The emphasis on civics and social studies has been on the decline in the US for many years.
According to the 2010 civics test results, less than a quarter of eighth and twelfth graders are above proficiency. The results were even worse on the U.S. history test, where only 18 percent of eighth graders and 13 percent of twelfth graders scored above proficient. On the NAEP, which is an international test, only 1 percent of eighth graders and 4 percent of twelfth graders were deemed “advanced” in civics.
One reason for American students’ poor performance is the decline in time devoted to civics and history education since the 1980s. According to the Thomas B. Fordham Institute, schools devote less time to social studies because of a greater emphasis on increasing student achievement in math and reading:
“Where did this time go? In short, because of a nationwide push to improve student reading and math achievement, schools have shifted time from science, history, and the arts to English language arts and math.
Then a funny thing happened: student reading achievement stagnated. In 1971, the average reading score on the twelfth-grade NAEP was 285. In 2008, it was 286…”
The Fordham Institute continues, explaining the decline:
“While the goal of improving reading achievement is noble, our efforts to do so have been misguided and have inadvertently undermined our efforts to improve civic education for two reasons.
First, student reading comprehension will not improve unless we teach content.
Research tells us that, once students have learned how to read, the best way to improve reading comprehension is to broaden students’ content knowledge and to expand their vocabulary. That means that, rather than shifting time away from history and civics, if we really want to improve reading achievement, we should redouble our efforts to teach important content. And that includes teaching U.S. history and civics…”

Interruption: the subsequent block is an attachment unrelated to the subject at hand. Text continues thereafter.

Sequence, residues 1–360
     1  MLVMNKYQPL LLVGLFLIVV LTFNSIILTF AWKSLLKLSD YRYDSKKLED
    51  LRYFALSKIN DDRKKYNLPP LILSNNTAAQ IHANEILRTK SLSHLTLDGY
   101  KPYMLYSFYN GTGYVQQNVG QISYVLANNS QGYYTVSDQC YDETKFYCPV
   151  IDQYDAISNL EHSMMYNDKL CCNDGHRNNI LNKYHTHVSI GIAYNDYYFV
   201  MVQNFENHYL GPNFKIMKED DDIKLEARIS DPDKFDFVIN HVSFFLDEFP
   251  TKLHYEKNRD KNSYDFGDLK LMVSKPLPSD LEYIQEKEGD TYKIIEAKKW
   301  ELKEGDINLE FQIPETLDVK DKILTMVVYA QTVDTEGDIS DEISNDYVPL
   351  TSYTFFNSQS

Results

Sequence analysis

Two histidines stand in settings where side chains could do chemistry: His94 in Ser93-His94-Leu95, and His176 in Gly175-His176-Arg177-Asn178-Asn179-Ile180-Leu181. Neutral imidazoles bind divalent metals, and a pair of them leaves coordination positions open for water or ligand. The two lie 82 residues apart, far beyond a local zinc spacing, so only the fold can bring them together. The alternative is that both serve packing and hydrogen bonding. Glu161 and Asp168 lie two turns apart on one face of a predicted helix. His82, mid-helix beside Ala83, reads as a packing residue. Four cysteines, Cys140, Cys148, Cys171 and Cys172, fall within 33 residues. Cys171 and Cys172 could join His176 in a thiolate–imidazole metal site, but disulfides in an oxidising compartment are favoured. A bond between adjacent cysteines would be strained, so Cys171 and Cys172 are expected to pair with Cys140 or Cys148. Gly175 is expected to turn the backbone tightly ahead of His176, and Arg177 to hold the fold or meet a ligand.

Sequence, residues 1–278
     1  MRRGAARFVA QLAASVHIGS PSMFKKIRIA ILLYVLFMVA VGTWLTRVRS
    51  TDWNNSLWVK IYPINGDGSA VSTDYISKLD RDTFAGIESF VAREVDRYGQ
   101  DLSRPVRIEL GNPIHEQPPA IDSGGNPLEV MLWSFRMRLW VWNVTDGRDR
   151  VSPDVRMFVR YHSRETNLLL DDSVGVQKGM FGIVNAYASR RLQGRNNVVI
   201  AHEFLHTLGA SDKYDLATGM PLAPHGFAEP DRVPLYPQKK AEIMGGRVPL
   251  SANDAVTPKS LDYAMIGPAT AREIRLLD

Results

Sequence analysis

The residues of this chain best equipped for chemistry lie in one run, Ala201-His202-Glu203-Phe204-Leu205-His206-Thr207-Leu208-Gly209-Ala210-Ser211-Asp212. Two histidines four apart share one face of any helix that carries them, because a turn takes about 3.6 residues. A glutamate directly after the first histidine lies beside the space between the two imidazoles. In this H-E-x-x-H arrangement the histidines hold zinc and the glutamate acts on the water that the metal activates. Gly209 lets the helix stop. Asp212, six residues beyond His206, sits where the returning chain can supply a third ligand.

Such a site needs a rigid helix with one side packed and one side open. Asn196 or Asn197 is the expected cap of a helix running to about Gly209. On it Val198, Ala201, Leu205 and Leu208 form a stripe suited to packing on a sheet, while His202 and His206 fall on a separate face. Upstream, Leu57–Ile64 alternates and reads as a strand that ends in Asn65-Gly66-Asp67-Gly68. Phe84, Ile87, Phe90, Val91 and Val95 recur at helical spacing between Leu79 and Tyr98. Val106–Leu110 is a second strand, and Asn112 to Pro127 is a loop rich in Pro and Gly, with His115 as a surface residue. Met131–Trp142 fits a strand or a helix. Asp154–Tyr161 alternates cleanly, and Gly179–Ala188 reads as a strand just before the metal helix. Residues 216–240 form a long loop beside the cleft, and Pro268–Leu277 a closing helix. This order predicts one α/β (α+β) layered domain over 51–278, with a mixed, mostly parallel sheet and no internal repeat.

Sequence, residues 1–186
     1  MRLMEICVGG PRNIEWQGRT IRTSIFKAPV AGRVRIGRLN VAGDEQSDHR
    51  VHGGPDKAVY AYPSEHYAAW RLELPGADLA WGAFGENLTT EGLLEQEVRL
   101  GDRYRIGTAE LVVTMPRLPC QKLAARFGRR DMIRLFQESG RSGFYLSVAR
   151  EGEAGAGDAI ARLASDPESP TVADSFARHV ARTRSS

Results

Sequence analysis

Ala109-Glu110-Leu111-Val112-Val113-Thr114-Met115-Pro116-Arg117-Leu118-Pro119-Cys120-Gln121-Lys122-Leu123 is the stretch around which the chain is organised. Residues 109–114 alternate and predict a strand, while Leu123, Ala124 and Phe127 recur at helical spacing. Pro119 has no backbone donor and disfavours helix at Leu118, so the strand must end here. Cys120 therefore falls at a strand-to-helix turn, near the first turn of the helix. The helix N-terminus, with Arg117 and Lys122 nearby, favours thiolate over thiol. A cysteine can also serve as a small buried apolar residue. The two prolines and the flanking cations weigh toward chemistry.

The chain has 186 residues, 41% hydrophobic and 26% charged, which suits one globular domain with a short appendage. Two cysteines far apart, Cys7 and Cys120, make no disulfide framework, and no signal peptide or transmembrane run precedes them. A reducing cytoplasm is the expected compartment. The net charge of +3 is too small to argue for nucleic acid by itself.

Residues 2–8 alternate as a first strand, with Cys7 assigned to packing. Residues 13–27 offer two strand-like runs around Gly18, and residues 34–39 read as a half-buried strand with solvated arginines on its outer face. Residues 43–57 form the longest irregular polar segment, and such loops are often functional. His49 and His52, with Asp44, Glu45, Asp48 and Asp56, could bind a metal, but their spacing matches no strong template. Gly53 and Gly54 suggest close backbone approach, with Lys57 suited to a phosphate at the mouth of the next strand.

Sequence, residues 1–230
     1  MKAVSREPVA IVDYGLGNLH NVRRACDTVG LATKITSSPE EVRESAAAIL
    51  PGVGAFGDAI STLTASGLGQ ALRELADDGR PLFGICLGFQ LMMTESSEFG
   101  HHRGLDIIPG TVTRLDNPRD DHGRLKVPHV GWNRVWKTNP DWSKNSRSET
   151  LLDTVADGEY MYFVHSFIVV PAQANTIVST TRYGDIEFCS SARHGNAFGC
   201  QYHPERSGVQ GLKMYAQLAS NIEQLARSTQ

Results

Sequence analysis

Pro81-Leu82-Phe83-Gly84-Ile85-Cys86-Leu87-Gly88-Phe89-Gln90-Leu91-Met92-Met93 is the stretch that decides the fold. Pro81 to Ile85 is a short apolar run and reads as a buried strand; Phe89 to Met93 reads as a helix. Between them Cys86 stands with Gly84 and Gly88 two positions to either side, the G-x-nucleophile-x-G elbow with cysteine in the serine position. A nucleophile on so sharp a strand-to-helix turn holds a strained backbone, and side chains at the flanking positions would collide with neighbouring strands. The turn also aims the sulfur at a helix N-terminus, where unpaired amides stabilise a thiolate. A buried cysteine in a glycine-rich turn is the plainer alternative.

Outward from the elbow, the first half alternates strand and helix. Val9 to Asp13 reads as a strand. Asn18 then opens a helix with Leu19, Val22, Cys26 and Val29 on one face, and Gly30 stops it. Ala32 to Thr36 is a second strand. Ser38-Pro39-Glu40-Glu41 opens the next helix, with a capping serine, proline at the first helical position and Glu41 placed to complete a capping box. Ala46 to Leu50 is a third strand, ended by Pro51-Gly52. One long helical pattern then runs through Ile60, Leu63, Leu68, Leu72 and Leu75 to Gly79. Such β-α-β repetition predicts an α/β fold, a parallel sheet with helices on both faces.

Opponents of the Common Core have accused the new standards of narrowing curriculum –specifically in civics and social studies. According the Fordham Institute, however, the Common Core will encourage schools to devote more time to civics and history:
“To that end, the Common Core and the College Board are poised to help jump-start a renewed commitment to civic in a number of important ways.
1. The Common Core literacy standards emphasize the importance of content and vocabulary to reading comprehension. That is why they explicitly call for teachers to use a “content-rich curriculum” to drive teaching and learning.
2. There are only five readings explicitly required by the Common Core: One is a Shakespearean play, and the other four are The Declaration of Independence, the Preamble to the Constitution, the Bill of Rights, and Lincoln’s Second Inaugural Address.
3. The Common Core emphasize the importance of reading important American historical documents, including the Federalist Papers and other seminal U.S. texts.
This emphasis on the Founding Documents and the Great Conversation is explicit and can not only help drive reading gains, but it can also help ensure that our students graduate with a far better and deeper understanding of American history, civics, and government…”
To read full article: [Common Core Watch, 11/19/2013]
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